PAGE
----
The Chapter 13 Plan Payment: What Is Your Ability to Pay?
The Chapter 13 Plan Payment that you monthly must make in a Chapter 13 bankruptcy in Michigan is premised, initially, on what you can afford to pay when your household's necessary monthly average expenses are deducted from your household's net, after-tax income. Whatever is left over after those expenses are deducted from your household income, that is your "net monthly income" and the amount that you must pay into your Chapter 13 bankruptcy payment plan.
So, for example, if your household, including earners who may not be part of your Chapter 13 bankruptcy, earns $2,000 per month after taxes and the household has $1800 per month in average expenses, the Chapter 13 Plan payment would be $200/month---less than a typical automobile loan payment. However, there can be more to it than this.
The Chapter 13 Plan Payment: Complicating Factors
Your Chapter 13 plan payment can be adjusted from this basic "what's left over at the end of the month?" formulation by a couple of different factors, however. The Means Test & the Chapter 13 Plan Payment The "means test" is one of those factors. The means test is primarily known as the test determining whether or not you are eligible to file for Chapter 7 bankruptcy based upon your household income. The means test looks back at the 6 months prior to the month in which you filed your bankruptcy petition (or plan to file it) to average up the gross, pre-tax income earned by all members of the household from all sources of income except Social Security. It then multiplies that 6-month average by 12 (months) to arrive at a theoretical annual income for your household. If that income is higher than the median income in Michigan or your state of residence for a household of your size, you are not eligible to file a Chapter 7 bankruptcy and must instead file a Chapter 13 bankruptcy. In a Chapter 13 bankruptcy, the means test plays a further role. First, if your household is "above the median" in income, you will have to file a 60-month or 5-year Chapter 13 bankruptcy. (If your household is "under the median," you can propose a Chapter 13 plan as short as 36 months.) Second, if the means test determines that you have some "disposable monthly income," or DMI, the amount of that DMI may require that pay a certain minimum amount to your unsecured creditors in your Chapter 13 bankruptcy in order for the Michigan bankruptcy court to approve your Chapter 13 plan. This may require that your monthly Chapter 13 Plan payment be a certain amount, possibly higher than simply what is left over after expenses are taken into account, in order to ensure that those creditors receive that amount. In other words, if your means test says that you have X amount of DMI, you may have to "squeeze" your average monthly expense budget in order to arrive at a Chapter 13 plan payment that will have the required result. This is, yes, another reason why the means teset, which was put into effect by the US Congress in 2005 is patently unfair: the deductions available in the means test to reduce your DMI bear only a passing resemblance to the "real life" expenses you actually have. Some of your "real life" expenses can be deducted in the means test; many cannot. Your Assets & Your Chapter 13 Plan Payment Your Chapter 13 plan payment can also be affected by the amount of stuff that you own. One of the primary benefits of a Chapter 13 bankruptcy is that, unlike a Chapter 7 "liquidation" bankruptcy, none of your personal assets or property are taken and liquidated to pay off your creditors in a Chapter 13. Instead, in a Chapter 13 bankruptcy, your monthly plan payments fund the process rather than liquidation of your stuff. However, if you have possessions of a fair-market dollar-value amount that you would lose to liquidation if you filed a Chapter 7 bankruptcy, this will have an effect upon the amount you have to pay into your Chapter 13 bankruptcy plan. This is known as the "Best Interest of Creditors Test", or the "Liquidation Analysis Test." What this "test" says, basically, is that your unsecured creditors cannot receive less from your bankruptcy if you file a Chapter 13 than they would have if you'd filed a Chapter 7. So, if you filed a Chapter 7 and we were able to protect all but $3,000 worth of your assets, the Chapter 7 Trustee (whose job is to do the actual liquidation) would require that you hand over that $3,000 worth of stuff to be sold off---or that your attorneys work out some sort of settlement with the Trustee to pay off the $3,000 rather than lose the property. If you filed a Chapter 13 with that same $3,000 worth of unprotected property, no one would take the property from you, but you would have to pay enough each month in your Chapter 13 plan payment to ensure that your unsecured creditors, who are paid last in a Chapter 13 bankruptcy, have at least $3,000 to split between them. Thus, again, your budget may have to be tightened in order to ensure that this properly occurs.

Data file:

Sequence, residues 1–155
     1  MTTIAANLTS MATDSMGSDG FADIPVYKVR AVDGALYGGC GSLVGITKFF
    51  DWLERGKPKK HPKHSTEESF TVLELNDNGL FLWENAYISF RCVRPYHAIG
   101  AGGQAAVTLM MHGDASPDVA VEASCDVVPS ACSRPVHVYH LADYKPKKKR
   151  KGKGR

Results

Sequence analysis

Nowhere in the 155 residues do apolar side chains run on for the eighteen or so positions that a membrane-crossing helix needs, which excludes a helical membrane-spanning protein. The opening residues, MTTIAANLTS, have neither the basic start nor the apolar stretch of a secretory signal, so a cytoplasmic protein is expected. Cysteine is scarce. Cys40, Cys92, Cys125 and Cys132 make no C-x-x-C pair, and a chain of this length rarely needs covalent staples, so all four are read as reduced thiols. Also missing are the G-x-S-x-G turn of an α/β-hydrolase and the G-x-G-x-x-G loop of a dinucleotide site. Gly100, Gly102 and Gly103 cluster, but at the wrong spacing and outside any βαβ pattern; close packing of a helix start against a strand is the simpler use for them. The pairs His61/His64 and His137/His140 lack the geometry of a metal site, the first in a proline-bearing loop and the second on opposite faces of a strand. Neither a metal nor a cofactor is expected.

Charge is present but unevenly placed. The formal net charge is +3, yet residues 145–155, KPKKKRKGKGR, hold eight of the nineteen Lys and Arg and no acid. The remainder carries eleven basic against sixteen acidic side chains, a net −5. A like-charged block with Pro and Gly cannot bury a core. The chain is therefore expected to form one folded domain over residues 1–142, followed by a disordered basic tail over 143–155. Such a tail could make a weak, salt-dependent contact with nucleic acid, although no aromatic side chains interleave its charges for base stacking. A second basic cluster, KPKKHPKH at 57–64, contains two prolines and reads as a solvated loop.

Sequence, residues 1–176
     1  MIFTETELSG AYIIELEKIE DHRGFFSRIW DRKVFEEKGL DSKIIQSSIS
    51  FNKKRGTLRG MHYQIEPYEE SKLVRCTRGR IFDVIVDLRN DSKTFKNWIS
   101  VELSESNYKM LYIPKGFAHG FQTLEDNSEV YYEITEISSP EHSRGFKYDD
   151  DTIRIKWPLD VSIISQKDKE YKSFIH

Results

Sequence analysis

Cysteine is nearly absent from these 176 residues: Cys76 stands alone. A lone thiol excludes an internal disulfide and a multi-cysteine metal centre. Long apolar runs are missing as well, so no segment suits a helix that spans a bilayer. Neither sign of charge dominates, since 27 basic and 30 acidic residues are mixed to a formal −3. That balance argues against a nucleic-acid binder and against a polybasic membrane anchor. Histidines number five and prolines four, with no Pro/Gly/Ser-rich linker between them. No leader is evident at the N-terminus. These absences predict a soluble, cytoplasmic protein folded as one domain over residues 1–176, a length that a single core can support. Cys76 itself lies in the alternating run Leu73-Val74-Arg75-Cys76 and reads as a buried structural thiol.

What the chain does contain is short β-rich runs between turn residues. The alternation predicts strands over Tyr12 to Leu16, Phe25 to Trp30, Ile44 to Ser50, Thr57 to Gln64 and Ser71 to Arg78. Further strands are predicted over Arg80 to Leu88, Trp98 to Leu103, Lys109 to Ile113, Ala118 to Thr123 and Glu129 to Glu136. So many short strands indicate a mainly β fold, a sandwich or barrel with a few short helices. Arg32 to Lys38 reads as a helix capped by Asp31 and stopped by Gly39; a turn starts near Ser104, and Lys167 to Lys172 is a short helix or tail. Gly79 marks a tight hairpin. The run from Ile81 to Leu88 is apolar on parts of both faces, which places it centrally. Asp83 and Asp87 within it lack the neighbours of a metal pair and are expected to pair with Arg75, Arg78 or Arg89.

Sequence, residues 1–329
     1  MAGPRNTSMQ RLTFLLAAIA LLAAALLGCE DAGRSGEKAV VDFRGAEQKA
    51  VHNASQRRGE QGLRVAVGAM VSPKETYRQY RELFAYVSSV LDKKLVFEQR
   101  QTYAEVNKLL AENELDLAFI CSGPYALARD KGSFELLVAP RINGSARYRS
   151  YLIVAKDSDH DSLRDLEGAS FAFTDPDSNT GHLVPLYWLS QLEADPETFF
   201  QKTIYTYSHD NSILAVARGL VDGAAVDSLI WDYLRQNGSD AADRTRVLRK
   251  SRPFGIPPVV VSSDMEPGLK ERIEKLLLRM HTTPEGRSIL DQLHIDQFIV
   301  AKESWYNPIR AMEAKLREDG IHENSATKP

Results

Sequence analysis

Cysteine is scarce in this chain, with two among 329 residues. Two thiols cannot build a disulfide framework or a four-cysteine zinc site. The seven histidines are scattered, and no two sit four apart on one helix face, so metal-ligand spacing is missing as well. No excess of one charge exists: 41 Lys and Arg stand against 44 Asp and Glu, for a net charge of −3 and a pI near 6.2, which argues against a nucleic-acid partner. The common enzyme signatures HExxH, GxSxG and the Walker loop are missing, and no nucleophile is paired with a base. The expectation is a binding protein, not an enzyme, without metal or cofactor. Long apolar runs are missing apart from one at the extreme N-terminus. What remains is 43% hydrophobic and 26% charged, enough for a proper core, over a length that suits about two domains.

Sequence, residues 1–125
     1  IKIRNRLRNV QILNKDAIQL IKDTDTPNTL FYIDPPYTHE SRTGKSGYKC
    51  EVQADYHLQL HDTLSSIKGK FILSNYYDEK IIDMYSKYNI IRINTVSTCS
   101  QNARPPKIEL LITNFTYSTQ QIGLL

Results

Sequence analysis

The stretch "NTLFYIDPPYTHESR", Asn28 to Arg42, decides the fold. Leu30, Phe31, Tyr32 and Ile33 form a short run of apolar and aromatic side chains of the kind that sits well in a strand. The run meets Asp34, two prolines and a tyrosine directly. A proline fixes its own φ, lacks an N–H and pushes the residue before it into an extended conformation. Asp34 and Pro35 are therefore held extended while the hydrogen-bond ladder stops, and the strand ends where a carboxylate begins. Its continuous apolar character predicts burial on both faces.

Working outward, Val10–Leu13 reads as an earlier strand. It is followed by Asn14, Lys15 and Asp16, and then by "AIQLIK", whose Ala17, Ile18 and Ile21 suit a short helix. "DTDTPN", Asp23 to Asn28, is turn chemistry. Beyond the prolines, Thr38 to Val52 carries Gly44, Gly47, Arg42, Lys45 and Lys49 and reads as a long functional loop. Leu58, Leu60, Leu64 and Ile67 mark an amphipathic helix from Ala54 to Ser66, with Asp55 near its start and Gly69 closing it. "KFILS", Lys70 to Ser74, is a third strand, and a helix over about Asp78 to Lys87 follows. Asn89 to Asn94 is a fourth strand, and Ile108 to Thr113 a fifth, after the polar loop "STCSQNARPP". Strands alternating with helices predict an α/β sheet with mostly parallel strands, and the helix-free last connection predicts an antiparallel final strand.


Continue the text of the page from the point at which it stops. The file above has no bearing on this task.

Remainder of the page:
The Bottom-Line on the Chapter 13 Plan Payment
The bottom-line on your Chapter 13 plan payment is that it is a difficult number to arrive at until your bankruptcy attorney has received from you all of the documentation necessary to draft your bankrupcy petition and your Chapter 13 payment plan. Without pay-stubs and other documentation, the means test can't be fully calculated. Without a list of your assets and their value that leaves absolutely nothing undisclosed, the liquidation analysis cannot be performed. When the Michigan bankruptcy attorneys of The Hilla Law Firm, PLLC initially meet with you to discuss your potential Chapter 13 filing, we will give you a general idea of what your Chapter 13 bankruptcy is likely to look like---but each Chapter 13 is highly specific to each individual filing. We will work together over a period of days or weeks to produce a Chapter 13 plan payment that is affordable, effective, and meeting all of the complex criteria of the US Bankruptcy Court. If you are a southeast Michigan resident and are considering filing for Chapter 7 or Chapter 13 bankruptcy, contact us at (866) 674-2317 or click the button below to schedule a free, initial consultation.